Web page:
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Karel Holomek: Czech Gov't Roma Council has a new chair after cabinet reshuffle

16.11.2016 17:31
Karel Holomek  (Photo: Lukáš Houdek)
Karel Holomek (Photo: Lukáš Houdek)

Czech Prime Minister Sobotka has replaced two of his ministers, Health Minister Svatopluk Němeček and Human Rights and Legislation Minister Jiří Dienstibier, who was also the chair of the Czech Government Council for Roma Minority Affairs. Incoming Human Rights Minister Jan Chvojka is a lawyer and a Social Democratic MP.

Mr Chvojka has the professional qualifications to serve as a minister with legislation as part of his agenda, and he probably also has qualifications for human rights, as he has been the chair of the lower house subcommittee handling that agenda. We shall see!

The Prime Minister is justifying replacing these ministers as a necessary change in order to bolster the Social Democrats' falling voter preference ratings prior to next year's elections to the lower house. He claims to want voter preferences for the party to improve in a more dynamic way and has let his potential voters know this ever since the Social Democrats lost rather badly in last month's elections.

Such a reason for these dismissals, of course, is a pretext, and not very many people believe it. The real reason for this reshuffle is something else.

Neither of the ministers dismissed is aware that they ever did anything wrong while in office, and the Prime Minister has even confirmed that they did not.  Why, then, is he replacing them 11 months prior to the next elections?

We cannot believe the PM to be an inexperienced politician doing something that makes no sense. The purpose of this reshuffe, of course, is something other than the stated one.

The PM is well aware that merely replacing ministers will not curry any particular favor with the voters. It will, however, firm up his position inside the party and as PM in the runup to the Social Democratic convention.

It is necessary for Sobotka to draw closer to the wing of his party that has always been strongly bothered by Dienstbier - by the way he views human rights and politics, by his firm, unrelenting opposition to Czech President Zeman, and certainly by much else. Those who have undoubtedly wished Dienstbier would be dismissed are the so-called "putschists" from the Social Democrats who previously attended a meeting with Zeman without letting the PM know.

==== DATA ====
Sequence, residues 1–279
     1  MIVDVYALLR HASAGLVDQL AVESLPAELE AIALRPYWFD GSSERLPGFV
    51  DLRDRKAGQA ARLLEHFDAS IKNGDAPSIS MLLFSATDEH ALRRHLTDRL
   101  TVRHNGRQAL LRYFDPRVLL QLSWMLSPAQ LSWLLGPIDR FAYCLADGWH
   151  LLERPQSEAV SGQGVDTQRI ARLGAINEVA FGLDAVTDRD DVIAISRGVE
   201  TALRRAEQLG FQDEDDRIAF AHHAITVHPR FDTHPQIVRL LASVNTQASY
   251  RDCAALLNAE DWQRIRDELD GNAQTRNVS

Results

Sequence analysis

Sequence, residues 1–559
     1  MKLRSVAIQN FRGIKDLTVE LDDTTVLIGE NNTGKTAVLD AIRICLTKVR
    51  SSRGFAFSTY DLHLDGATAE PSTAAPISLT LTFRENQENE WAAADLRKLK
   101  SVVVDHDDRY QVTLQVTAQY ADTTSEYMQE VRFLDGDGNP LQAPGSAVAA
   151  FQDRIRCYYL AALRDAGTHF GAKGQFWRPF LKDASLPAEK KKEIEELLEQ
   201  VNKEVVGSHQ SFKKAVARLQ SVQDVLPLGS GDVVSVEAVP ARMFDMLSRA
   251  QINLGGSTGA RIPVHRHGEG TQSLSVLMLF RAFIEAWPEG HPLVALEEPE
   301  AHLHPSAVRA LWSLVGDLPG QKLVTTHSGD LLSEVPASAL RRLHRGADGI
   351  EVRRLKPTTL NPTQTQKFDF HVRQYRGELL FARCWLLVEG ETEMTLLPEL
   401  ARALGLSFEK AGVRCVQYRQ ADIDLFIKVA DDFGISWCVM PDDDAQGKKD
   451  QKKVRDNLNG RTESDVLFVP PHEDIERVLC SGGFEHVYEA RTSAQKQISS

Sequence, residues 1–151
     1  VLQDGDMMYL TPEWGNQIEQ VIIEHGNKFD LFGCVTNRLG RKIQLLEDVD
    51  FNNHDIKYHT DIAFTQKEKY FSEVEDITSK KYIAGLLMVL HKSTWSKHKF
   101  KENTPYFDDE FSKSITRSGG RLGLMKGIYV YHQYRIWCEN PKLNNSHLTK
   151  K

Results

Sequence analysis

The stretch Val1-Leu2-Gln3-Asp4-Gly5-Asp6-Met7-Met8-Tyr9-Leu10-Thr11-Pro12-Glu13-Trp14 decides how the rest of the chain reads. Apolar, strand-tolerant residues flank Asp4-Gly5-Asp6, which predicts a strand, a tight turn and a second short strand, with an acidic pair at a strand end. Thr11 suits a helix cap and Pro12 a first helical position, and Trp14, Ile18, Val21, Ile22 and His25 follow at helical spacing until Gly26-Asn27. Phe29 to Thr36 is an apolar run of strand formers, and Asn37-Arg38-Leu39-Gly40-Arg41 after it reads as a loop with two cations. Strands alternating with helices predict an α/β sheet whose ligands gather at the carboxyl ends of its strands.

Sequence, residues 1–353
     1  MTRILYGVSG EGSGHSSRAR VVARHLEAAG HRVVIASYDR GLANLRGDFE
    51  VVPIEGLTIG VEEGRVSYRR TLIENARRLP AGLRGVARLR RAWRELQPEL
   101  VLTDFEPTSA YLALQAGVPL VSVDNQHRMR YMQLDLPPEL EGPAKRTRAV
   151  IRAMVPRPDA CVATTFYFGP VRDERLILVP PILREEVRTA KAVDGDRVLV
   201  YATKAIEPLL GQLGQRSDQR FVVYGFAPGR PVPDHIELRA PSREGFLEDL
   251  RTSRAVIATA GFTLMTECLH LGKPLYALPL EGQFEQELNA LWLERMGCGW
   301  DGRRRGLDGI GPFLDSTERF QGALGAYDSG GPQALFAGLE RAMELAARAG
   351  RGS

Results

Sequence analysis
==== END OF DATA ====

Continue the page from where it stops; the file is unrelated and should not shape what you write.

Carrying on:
They include Czech Interior Minister Chovanec, the influential MP Tejc, and South Bohemian Regional Governor Zimola - strong players in the party whom Sobotka must have on his side. The same goes for the director of the Motol Hospital, Miloslav Ludvík, who was a strong critic of Health Minister Němeček, whom he is now replacing.

Sobotka has undoubtedly won by making that change. His First Vice Prime Minister and Finance Minister Andrej Babiš (ANO) has been a critic of Němeček for years.

The reason is that Němeček wanted to prevent attempts to privatize hospitals here. We hope the Social Democrats have not absolutely lost their judgment and that they will not accede to that idea.

In any event, the PM is playing a political chess game that might well escape the rest of us. What kind of a chair will his new minister be for the Roma Council? 

So far we know Chvojka enjoys political support in the Pardubice Region. Nothing is known about whether he has been engaged to any significant degree in the human rights field or on the issue of Romani people.

None of that matters if he proves to be a good chair and a good head of the Human Rights Section at the Office of the Government. We will learn all of that soon enough.

Speaking as a frequent member of Government Councils and as a participant in many high-level negotiations, I had the opportunity to get to know the outgoing Human Rights Minister well. I must express my appreciation for his sincere efforts to fulfill the human rights agenda in legislative terms and his support for the civil society sector in fulfilling the program of Romani integration and the strategy for combating Romani exclusion from the life of this society, including the segregation of Romani children in the schools.

The new head of the Council will have a lot of catching up to do in that direction. The Prime Minister certainly was not thinking about that when he decided to replace these ministers.

Reprinted with permission from the author's blog on Aktuálně.cz.

Karel Holomek, translated by Gwendolyn Albert
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ministr pro lidská práva, Politika, Rada vlády pro záležitosti romské menšiny, Sociální vyloučení



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